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Giving Field Commanders More Cyber Muscle

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U.S. Army
Tuesday, September 13, 2016

Getting more cyber and electronic warfare capabilities into the hands of combat commanders on the battlefield is a top priority for the chief of the Army’s new cyber directorate.

They need a “fighting edge,” Brig. Gen. (P) Patricia Frost, the Army’s director of cyber, said Sept. 13 during the opening session of a two-day symposium called “Mad Scientist 2016: The 2050 Cyber Army.” The event is being held at the U.S. Military Academy.

Frost, the former deputy commander for operations of the U.S. Army Cyber Command, heads a new directorate launched in late spring that is designed to oversee cybersecurity and electronic warfare and look for ways to operationally exploit potential overlaps in those two arenas.

The Army has built 41 teams as part of the 133 defense-wide cyber teams Congress has ordered the U.S. Cyber Command to establish by 2018, Frost said. “Those 41 teams, for the most part, are an already aligned and committed force, working very strategic and operational mission sets.”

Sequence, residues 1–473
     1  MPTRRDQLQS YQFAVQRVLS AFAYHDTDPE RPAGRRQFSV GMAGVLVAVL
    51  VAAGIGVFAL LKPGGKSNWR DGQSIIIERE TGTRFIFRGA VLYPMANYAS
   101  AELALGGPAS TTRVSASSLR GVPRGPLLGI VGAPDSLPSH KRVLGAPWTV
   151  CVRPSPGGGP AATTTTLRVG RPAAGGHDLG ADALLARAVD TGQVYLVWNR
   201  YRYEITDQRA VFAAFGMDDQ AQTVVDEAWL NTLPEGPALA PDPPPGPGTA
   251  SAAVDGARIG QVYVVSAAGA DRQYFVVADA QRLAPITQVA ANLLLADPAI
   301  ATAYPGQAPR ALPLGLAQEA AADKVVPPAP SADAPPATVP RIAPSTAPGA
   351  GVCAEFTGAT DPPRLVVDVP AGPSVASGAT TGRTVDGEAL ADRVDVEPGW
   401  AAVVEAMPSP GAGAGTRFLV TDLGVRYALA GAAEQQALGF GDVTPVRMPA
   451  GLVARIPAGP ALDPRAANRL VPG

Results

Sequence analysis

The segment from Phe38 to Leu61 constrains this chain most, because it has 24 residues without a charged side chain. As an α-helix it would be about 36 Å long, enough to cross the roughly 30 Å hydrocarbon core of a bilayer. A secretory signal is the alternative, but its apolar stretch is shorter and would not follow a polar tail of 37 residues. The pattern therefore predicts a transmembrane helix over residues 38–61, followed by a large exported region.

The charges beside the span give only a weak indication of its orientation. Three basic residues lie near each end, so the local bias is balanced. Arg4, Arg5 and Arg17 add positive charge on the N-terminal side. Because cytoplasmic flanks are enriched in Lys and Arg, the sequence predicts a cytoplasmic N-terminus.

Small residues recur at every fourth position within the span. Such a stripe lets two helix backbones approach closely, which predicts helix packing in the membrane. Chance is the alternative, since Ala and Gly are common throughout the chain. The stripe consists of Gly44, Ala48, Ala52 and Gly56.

But she believes there are “gaps” in cyber and electronic warfare capabilities at the tactical level, both offensive and defensive, that the joint-service mission force at higher echelons will not necessarily be able to fill.

The operational environment for electronic warfare and cyber capabilities is already “contested and congested” and will only become more so in the years to come. Filling those gaps will become increasingly important for the Army of the future, Frost said.

“I believe a brigade commander should have some type of cyber/EW capability at his or her hands,” Frost said. “It does not have to be organic, it does not have to be assigned to that unit, but it had better come in as an enabling capability. What technology do we need, and how do we integrate that into maneuver operations?”

If the Army does not focus on this issue today, Frost said, in the future “we’ll be looking back, saying, ‘Why didn’t we make some decisions?’ You can’t wait on policies and authorities.”

The two-day Mad Scientist 2016 seminar features presentations on educating the cyber force of 2050, nurturing and managing officer and enlisted cyber talent at the junior levels, enhancing cyber partnerships with the private sector, and more.